New study explains why having a partner is the worst thing for your diet

New study explains why having a partner is the worst thing for your diet

With a relationship comes kisses, cuddles and lots (and I mean lots) of meals together. So much so that one in four Americans has failed a diet because their partner led them astray, according to new research.

Sucks to hear that your boo could be stopping you from reaching your goals, but when you think about it, it all adds up. Every takeaway, every date night, every place your best friend couple (who you must best at everything) tell you: "you have to go there!"

A survey examining how and why our attempts to eat healthily and lose weight often fail found that a surprisingly high number of diets come undone because of a partner leading us into temptation. From eating irresistible treats and snacks in front of us to ordering takeout or wanting us to have drinks, responses showed 24 percent of people blame their partner for derailing a diet.

The results emerged from a survey conducted by OnePoll, in conjunction with Isopure, which looked into the dieting successes and failures of 2,000 Americans. With people mindful of their summer bodies, responses showed top reasons people fail diets are lack of time to plan meals, having treats around the holidays, social gatherings, treating themselves and stress around work.

Even though many reasons behind diet failures are legitimate, there are some that appear to be simply based on temptation. Responses showed that 38 percent of survey respondents failed on a diet because they couldn’t resist a delicious treat. I must admit: it is very easy to give in when you have a partner in crime.

Another 32 percent claim that healthy food is simply too expensive and so their bank account causes them to reach for a less than healthy snack. "Going halves mean you're not eating as many bad calories," you guys probably say to yourself. Whilst not entirely wrong, damage can still be done to a health and fitness plan even if you don't have a full meal for one.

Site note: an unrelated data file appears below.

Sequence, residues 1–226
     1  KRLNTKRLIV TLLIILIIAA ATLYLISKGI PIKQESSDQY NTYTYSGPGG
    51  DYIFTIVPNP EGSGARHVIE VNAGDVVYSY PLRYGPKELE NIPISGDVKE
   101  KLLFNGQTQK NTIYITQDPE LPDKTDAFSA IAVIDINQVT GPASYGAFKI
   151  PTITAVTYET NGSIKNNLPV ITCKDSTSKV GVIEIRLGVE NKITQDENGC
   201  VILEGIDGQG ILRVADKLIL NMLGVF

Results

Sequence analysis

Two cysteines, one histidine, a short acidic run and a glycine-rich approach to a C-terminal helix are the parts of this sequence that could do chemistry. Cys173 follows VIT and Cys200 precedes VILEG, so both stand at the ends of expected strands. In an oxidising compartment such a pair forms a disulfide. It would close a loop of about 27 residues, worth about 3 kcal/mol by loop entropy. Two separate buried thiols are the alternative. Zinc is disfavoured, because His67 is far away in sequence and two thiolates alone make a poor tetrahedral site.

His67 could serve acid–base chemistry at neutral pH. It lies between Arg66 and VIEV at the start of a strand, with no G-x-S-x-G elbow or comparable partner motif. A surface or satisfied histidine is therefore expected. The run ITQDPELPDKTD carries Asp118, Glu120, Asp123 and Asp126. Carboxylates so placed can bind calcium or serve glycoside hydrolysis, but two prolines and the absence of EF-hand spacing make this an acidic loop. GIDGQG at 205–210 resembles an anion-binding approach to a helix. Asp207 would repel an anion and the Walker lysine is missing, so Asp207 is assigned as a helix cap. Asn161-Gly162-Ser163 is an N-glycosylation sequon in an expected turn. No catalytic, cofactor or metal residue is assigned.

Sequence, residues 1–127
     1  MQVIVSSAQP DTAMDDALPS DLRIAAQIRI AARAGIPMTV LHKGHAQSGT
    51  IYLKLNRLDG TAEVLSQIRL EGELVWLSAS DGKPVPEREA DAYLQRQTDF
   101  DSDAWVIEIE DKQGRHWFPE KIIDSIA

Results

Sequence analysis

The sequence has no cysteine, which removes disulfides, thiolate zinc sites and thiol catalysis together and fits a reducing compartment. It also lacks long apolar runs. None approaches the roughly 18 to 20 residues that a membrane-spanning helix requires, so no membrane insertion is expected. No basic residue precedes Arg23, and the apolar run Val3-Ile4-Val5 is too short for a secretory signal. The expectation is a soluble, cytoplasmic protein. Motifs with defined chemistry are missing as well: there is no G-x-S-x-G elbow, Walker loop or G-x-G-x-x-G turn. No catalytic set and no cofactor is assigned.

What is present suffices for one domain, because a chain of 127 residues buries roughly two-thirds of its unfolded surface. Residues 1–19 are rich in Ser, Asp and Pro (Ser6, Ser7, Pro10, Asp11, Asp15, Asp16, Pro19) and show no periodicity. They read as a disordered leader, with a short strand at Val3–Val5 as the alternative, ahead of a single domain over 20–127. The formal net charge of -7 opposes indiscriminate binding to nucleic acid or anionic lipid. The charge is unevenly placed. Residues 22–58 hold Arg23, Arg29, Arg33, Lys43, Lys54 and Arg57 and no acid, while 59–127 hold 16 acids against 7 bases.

On top of this, reaching for a feel-good food seems to be a common way for 42 percent of survey respondents to deal with stress. The survey also deduced the foods couples gorge on that are most responsible for the failure. Pizza tops the list, followed by ice cream, chips and chocolate. Cookies came in at number five followed by cake, burgers, candy and cheese.

Jonathan Thompson, general manager at health brand Isopure says: “A diet plan is only good if you can realistically adhere to it, so it’s key to structure the plan around your specific lifestyle and to build permissive indulgent moments into the plan, like a weekly programmed cheat meal on Saturday night when you know you’ll be around friends and family.”

“Having a diet plan that accounts for your particular social, work and exercise cadence turns a potential diet-derailing moment into a positive and programmed part of your diet that you can actually look forward to and greatly multiplies your chances of staying on plan and achieving your goals.”

Saturday is the day that a diet is most likely to come to a crashing halt for survey participants. After breaking a diet, many admit to feeling disappointed, frustrated, upset, annoyed and angry. Changing your habits and mindset to not feel so guilty or maybe spread out your "treats" is difficult but it yields fantastic results when you do.